Bikes we love The Journey

Street Bob Journal: Week 4

If you tell me this bike is imperfect, I will agree. But I won't care.

If you follow TMO on Instagram, I should warn you now: you’re going to see a whole lot of Harley stuff over the next several days. In particular, I’ll be trying to master our Stories game, to give a real sense of the trip to and from Prague.

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As I write this, I am sitting in a basic hotel in the middle of Nowhere, France, having put in an almost-500-mile day on the Street Bob. Be sure to look out for next week’s journal for details on how well the bike held up over 2,000+ miles. Yes, I did secure an American flag to the sissy bar.

This past week, however, the focus was on sorting out the final details for this trip, as well as throwing some miles on the bike for the sake of getting myself long-distance ready. One thing that really surprises me about the Street Bob is its ability to be comfortable over long hauls.

me
On the morning I set out for Prague on the Street Bob. Yes, I did secure an American flag to the sissy bar.

Well, relatively comfortable. It’s no Indian Roadmaster, but the experience of sitting in the saddle for mile after mile is less excruciating than I would have anticipated. Yes, your rear end gets a little sore after an hour or two, but thankfully the tank only holds 13 liters of dino juice; you’ll have to make a stop every 150 miles or so to keep the Dreaded Fuel Light at bay.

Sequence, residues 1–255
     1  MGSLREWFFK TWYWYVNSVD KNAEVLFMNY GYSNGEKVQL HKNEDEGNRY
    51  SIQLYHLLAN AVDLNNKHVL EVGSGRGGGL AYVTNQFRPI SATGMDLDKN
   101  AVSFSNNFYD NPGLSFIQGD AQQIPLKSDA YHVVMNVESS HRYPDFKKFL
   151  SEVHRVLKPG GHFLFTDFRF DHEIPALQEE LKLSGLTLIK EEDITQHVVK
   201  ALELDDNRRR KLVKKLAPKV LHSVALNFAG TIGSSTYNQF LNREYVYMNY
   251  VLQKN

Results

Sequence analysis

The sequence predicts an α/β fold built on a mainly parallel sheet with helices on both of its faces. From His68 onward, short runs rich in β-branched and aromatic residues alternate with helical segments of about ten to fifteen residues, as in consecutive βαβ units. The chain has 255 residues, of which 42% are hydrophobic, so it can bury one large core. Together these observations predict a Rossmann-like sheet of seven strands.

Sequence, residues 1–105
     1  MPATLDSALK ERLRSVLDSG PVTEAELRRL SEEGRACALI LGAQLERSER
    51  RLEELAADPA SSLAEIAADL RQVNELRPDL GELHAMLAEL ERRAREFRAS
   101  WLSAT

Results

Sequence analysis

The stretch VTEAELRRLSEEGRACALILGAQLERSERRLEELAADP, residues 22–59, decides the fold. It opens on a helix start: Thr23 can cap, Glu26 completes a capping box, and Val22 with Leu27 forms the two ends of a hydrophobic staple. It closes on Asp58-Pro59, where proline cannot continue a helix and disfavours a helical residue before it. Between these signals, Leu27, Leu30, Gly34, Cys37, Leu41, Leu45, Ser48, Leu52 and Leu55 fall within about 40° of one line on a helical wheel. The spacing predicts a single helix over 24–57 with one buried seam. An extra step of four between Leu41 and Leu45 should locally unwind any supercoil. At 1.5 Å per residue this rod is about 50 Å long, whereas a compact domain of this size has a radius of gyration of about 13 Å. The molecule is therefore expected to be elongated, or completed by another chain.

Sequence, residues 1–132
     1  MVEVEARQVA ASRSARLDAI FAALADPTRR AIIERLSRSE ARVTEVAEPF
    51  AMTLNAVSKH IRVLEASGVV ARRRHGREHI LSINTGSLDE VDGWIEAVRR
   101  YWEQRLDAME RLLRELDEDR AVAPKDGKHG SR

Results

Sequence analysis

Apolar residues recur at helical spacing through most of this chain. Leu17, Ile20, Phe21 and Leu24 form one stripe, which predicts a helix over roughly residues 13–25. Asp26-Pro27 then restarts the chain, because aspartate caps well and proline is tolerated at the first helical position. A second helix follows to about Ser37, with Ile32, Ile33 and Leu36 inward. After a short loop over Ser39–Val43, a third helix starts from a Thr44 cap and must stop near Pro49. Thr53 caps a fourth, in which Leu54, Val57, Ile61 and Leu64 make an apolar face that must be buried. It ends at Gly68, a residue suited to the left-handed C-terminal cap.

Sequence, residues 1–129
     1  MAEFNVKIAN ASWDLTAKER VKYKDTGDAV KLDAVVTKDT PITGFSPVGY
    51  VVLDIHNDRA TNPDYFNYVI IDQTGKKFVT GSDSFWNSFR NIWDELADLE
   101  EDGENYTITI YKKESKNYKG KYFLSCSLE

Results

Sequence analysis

Still, I do wish I had listened to Tod Raferty’s advice and bought an Airhawk seat cushion. Harley-Davidson’s stock seat for the Street Bob leaves something to be desired after a while. My luggage system helps – the four Kriega bags I’ve strapped to the passenger seat – US 30 + Us20 + US 20 + US 10 – serve as a very comfortable backrest.

Regardless of some discomfort, I absolutely love this bike. I keep wanting to counter myself, to curb my enthusiasm on the Street Bob, to be a true and good moto-journalist who criticizes this bike for its weight and lack of power. But it’s just so stupidly fun. Addictively so. I am getting to the point where I need to spend time on this bike.

It’s the intangibles stupid. That’s what this bike is about. It can’t beat any bike in its price range when it comes to performance numbers. Hell, it can’t beat bikes that cost considerably less. A Street Bob is more expensive than a Suzuki V-Strom 1000 but has less power and fewer amenities. But I’ve ridden both and it’s the former that has me craning my neck to check my reflection in shop windows as I ride past.

“That’s me!” I’ll think. “I’m that guy! I’m the cool guy on the Harley.”

I can hear your arguments against this kind of petty thinking, and I agree in principal. Your arguments are valid and correct. But then I fire up that monstrous V-twin and I just don’t care. I can’t hear you over the rumble of my freedom, man. The whole thing is so stupid and so wonderful.

So, I made sure to put 500 or so miles on the bike in the week before the Prague trip. Officially I did this to ensure I was physically ready for the trip – to identify any issues that might come up on a long-haul journey and work out ways to address them. This is what I told my wife I was doing. Really, I was just riding and riding and riding, and wishing very much that I didn’t have to stop.

Maybe this trip to Prague will help me get my fix. Maybe it will just make things even worse.